The U.S. Environmental Protection Agency’s (EPA’s) plan to regulate carbon emissions is just the latest challenge facing the U.S. electric power system. Technological innovation is disrupting old ways of doing business and accelerating grid modernization. Earlier this year, AEE released Advanced Energy Technologies for Greenhouse Gas Reduction, a report detailing the use, application, and benefits of 40 specific advanced energy technologies and services. This post is one in a seriesdrawn from the technology profiles within that report.
Combined Heat and Power (CHP), also called cogeneration, generates both electricity and useful heat from the same fuel source. CHP typically involves dedicated equipment to generate electricity, followed by recovery of exhaust/waste heat for use in industrial processes, space heating, or water heating. Any fuel can be used for CHP, including fossil fuels and renewable fuels. In certain industries, onsite “waste” fuels are used for CHP, such as wood chips, bark and sawdust in forest products, blast furnace gases in steel mills, and various process gas streams in refining and petrochemicals. Because thermal energy (steam, hot water) is more difficult to transport than electricity, CHP systems are typically installed at or near a suitable thermal load. Most U.S. CHP capacity is installed at industrial sites, but it is also fairly common at college campuses, hospitals, military bases, and in district energy plants. Housing complexes and commercial buildings also use CHP. So-called micro-CHP can be used in residences and small commercial buildings for water or space heating or for heating swimming pools. CCHP (combined cooling, heating, and power) is a variation of CHP that uses the waste heat to drive a cooling system (via an absorption chiller) in addition to generating heat and power. CCHP can make sense when heating loads are more seasonal and where there are large cooling requirements, resulting in higher overall utilization of waste heat than would be possible just with CHP.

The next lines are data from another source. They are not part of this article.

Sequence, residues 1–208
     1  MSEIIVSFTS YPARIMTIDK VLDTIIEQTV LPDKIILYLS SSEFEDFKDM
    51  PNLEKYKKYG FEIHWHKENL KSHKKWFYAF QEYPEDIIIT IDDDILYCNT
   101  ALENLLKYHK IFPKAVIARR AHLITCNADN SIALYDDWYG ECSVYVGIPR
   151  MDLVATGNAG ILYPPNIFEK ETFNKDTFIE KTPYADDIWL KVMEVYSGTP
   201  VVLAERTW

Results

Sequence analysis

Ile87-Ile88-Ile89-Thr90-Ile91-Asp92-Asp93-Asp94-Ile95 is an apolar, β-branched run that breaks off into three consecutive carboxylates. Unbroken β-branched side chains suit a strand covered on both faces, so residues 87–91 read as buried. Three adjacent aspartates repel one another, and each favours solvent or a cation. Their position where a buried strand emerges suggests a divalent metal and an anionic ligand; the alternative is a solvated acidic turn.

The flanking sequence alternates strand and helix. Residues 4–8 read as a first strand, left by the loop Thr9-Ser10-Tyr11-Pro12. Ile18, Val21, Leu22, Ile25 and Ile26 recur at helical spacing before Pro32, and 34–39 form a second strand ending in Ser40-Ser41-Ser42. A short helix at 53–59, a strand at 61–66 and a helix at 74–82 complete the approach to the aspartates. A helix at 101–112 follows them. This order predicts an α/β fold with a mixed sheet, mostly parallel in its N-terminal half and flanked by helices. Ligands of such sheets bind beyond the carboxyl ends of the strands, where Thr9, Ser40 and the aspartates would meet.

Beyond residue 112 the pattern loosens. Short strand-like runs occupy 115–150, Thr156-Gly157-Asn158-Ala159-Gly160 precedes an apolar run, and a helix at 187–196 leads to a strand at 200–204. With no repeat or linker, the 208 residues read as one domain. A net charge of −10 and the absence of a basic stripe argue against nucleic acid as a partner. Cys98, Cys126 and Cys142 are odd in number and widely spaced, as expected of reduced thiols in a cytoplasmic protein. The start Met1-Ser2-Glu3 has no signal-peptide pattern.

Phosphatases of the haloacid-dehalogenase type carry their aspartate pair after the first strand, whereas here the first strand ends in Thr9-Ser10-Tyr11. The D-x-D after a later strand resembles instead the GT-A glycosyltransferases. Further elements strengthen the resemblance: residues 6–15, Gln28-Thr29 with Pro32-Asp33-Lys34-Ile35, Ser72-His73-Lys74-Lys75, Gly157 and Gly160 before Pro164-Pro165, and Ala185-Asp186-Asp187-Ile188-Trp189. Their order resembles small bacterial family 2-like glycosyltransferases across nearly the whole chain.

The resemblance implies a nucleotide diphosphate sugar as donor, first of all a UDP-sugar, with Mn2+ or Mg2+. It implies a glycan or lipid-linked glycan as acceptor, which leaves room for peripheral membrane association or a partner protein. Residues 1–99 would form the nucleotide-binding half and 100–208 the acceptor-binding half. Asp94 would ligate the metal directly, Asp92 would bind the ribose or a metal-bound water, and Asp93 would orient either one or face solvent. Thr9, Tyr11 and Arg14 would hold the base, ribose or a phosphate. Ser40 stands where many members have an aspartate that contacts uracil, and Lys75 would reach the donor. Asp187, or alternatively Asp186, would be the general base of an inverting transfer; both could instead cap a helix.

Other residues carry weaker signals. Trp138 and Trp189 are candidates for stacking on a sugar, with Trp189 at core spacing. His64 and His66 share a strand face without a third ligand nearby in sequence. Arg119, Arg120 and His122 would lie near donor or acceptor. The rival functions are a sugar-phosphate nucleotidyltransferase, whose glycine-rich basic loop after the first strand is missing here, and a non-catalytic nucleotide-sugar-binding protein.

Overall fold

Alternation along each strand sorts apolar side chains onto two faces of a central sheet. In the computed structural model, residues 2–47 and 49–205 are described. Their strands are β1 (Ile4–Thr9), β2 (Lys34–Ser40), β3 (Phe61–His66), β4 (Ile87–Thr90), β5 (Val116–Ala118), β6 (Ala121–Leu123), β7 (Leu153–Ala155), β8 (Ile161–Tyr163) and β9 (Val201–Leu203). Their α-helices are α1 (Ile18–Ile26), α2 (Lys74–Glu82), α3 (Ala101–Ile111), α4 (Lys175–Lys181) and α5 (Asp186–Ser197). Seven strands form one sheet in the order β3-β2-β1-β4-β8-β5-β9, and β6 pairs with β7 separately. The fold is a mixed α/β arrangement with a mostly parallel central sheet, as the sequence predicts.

CHP has been used in some form for over a century. New York City, for example, has operated a district heating system that uses CHP since 1882. Despite its long track record, CHP only makes up about 8% of U.S. generation capacity (about 80 GW), suggesting that there is ample opportunity for greater adoption. Hospitals and colleges are good candidates for CHP, as CHP systems can continue to generate power during grid outages. For example, incentivized by ConEdison’s lower rate structure for CHP, New York Presbyterian Hospital installed a 7.5 MW CHP system, reducing the amount of power purchased by 80%. The avoided power purchases and overall fuel savings are expected to reduce greenhouse gas emissions by 67,000 tons each year, not including any emissions from construction.
In the United States, average power plant efficiency is about 34%, i.e., roughly 2/3 of the fuel’s energy content is wasted. Best-in-class power plants have efficiencies of about 50% to 55%. By utilizing waste heat, CHP plants can typically achieve overall fuel efficiencies of 75% to 85%, and sometimes even higher. Overall, CHP reduces annual U.S. energy consumption by 1.8% and avoids CO2 emission of 248 million metric tons a year. Should the President’s goal of adding 50 GW CHP to U.S. generation capacity by 2020 be met, an additional 100 million metric tons of CO2 emissions per year could be avoided.
 District energy is discussed in more detail in another part of this series.